L’espace frontalier que figure la Méditerranée est révélateur de la polysémie que le concept déploie. Elle constitue une rupture entre différentes aires culturelles et territoires qui se sont rencontrés dans la violence et les rapports conflictuels. Marqué par les conséquences du colonialisme, le « Mur Méditerranée » (Dalembert, 2019) est infranchissable pour certain·e·s, ou traversé au péril des existences ; même une fois la frontière franchie, la « condition de l’exilé » (Nouss, 2015) reste empreinte de cette limite, qui le maintient à la lisière socioculturelle du continent d’arrivée. Toutefois, la Méditerranée peut aussi être appréhendée comme un « tiers-espace » (Bhabha, 1994), où les cultures environnantes convergent pour finalement former une entité composite. En témoigne par exemple la lingua franca (Dakhlia, 2008), langue véhiculaire utilisée du Moyen Âge jusqu’au XIXe siècle par des populations de diverses origines (commerçants, négociants, esclaves, prisonniers, nomades, marins, voyageurs, etc.) circulant au sein du bassin méditerranéen. Ainsi, la frontière peut être pensée comme un espace de rencontres et de liens entre des entités a priori séparées, surtout à une époque où les personnes, les biens et les informations connaissent une circulation globalisée. Peut-on néanmoins parler de « dématérialisation des frontières » ?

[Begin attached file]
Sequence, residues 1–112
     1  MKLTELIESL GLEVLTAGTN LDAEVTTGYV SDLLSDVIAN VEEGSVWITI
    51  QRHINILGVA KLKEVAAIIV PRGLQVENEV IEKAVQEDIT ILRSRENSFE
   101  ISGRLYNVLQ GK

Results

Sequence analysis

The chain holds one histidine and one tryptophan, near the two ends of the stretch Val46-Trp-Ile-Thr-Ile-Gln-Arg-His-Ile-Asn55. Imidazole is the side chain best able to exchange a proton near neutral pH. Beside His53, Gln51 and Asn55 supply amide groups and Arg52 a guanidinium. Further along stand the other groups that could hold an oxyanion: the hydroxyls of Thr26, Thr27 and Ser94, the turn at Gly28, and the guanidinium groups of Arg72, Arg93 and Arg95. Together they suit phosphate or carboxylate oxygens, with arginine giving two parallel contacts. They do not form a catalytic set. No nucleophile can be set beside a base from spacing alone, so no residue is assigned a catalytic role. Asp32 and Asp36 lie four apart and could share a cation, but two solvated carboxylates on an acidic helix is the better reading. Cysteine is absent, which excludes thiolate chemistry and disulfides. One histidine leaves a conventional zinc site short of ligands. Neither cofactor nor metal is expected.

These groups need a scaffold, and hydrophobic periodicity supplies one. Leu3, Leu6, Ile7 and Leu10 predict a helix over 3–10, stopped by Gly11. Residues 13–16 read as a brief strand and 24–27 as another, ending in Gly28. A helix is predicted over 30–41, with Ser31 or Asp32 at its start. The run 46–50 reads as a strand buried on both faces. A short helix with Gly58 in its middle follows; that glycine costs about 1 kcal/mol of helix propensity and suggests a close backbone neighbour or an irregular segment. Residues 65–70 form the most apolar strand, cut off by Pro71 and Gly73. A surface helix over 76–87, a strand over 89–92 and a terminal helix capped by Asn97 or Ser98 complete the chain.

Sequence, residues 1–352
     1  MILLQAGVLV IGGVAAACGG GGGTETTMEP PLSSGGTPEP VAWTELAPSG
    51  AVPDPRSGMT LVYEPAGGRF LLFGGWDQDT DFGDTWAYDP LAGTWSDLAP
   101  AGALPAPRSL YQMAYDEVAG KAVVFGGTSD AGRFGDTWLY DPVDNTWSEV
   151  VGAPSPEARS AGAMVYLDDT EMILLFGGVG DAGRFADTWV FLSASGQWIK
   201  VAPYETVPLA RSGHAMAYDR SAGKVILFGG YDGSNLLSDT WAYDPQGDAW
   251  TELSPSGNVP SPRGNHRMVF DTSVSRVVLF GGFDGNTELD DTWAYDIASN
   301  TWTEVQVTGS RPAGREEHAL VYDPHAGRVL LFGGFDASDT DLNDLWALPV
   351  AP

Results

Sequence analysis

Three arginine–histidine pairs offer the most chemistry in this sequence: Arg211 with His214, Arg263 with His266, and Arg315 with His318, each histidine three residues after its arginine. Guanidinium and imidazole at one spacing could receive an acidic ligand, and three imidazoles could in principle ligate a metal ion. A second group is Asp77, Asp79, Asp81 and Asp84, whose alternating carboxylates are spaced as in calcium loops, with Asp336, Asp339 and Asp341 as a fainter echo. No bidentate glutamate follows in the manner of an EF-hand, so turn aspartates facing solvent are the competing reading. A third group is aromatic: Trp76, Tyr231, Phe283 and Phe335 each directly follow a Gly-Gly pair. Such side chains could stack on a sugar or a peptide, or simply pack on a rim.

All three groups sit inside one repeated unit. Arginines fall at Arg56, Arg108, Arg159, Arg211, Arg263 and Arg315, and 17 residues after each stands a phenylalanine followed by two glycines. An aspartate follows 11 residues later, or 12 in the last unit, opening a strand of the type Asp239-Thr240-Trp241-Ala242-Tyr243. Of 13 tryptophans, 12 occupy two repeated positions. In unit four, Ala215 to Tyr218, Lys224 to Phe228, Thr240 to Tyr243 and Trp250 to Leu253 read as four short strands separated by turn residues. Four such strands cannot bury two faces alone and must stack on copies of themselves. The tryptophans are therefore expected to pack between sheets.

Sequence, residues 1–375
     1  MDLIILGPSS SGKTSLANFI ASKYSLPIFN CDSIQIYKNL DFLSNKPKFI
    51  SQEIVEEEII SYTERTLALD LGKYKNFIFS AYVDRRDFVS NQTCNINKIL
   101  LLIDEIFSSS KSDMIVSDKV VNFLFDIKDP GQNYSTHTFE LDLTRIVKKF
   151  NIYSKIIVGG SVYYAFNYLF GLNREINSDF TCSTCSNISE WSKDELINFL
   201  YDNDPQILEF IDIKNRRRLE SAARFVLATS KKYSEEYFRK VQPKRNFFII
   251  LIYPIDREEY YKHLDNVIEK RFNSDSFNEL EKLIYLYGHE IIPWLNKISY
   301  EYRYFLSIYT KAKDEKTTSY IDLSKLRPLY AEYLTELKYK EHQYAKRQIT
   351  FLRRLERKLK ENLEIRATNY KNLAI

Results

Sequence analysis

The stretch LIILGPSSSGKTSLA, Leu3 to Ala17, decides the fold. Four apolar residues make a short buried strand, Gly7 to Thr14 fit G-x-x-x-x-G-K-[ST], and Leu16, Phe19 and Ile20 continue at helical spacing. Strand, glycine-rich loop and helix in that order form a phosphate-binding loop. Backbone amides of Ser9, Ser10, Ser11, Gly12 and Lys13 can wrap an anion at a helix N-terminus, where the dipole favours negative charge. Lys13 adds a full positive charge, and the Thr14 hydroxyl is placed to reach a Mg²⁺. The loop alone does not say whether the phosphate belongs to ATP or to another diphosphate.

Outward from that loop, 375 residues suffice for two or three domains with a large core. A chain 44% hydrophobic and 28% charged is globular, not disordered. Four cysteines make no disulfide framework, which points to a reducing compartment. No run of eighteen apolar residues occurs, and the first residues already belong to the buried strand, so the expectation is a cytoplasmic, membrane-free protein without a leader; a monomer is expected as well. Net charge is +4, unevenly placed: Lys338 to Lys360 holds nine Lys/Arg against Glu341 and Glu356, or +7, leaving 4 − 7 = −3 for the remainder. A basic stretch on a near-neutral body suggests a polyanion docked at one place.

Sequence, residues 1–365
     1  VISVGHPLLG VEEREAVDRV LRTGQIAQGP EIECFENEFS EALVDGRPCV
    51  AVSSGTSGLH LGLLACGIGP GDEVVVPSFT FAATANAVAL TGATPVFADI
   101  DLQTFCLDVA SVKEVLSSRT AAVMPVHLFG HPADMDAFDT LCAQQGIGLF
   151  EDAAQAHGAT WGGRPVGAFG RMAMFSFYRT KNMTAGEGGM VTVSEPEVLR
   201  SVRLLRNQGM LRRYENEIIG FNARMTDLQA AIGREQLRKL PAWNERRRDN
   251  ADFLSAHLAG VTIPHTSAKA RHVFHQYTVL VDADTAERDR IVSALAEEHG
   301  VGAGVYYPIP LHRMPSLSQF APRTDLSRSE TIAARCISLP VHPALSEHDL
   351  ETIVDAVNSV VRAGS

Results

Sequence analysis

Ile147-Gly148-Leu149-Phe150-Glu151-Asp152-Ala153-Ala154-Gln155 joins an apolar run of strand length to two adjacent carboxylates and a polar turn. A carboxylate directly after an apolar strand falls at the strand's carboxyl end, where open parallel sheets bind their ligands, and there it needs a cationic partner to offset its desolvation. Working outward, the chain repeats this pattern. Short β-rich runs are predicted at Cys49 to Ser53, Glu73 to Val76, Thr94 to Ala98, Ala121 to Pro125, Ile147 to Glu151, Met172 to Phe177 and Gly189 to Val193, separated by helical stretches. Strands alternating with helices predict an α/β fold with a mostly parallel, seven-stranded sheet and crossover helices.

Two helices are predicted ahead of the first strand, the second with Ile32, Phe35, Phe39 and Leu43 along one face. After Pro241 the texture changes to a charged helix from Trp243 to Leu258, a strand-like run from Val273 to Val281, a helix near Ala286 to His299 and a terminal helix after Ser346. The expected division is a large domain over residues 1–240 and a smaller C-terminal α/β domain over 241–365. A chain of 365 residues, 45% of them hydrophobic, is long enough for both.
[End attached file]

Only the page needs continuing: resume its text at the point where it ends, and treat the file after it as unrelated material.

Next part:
Stéphane Rosière affirme que « nous ne vivons pas un processus de dématérialisation des frontières comme les libéraux des années 1990 l’avaient rêvé mais un processus concomitant de matérialisation/dématérialisation des frontières internationales ». En effet, « l’effacement (et la dématérialisation) de la frontière se fait par une sorte d’étalement de la fonction frontalière qui s’en trouve délinéarisée ». Les frontières obéiraient alors davantage à une logique réticulaire, et pourraient à ce titre être qualifiées de mouvantes, notamment en vertu du déplacement des contrôles au-delà de la ligne frontalière, facilité par les technologies de tracking des individus. Cette dématérialisation dépend en effet d’une mise en réseau de divers systèmes de contrôle qui visent à produire les documents de la surveillance. Il s’agit donc d’une véritable matérialité, celle des data centers qui, s’ils sont déconnectés de la frontière linéaire, concrétisent une frontière disséminée.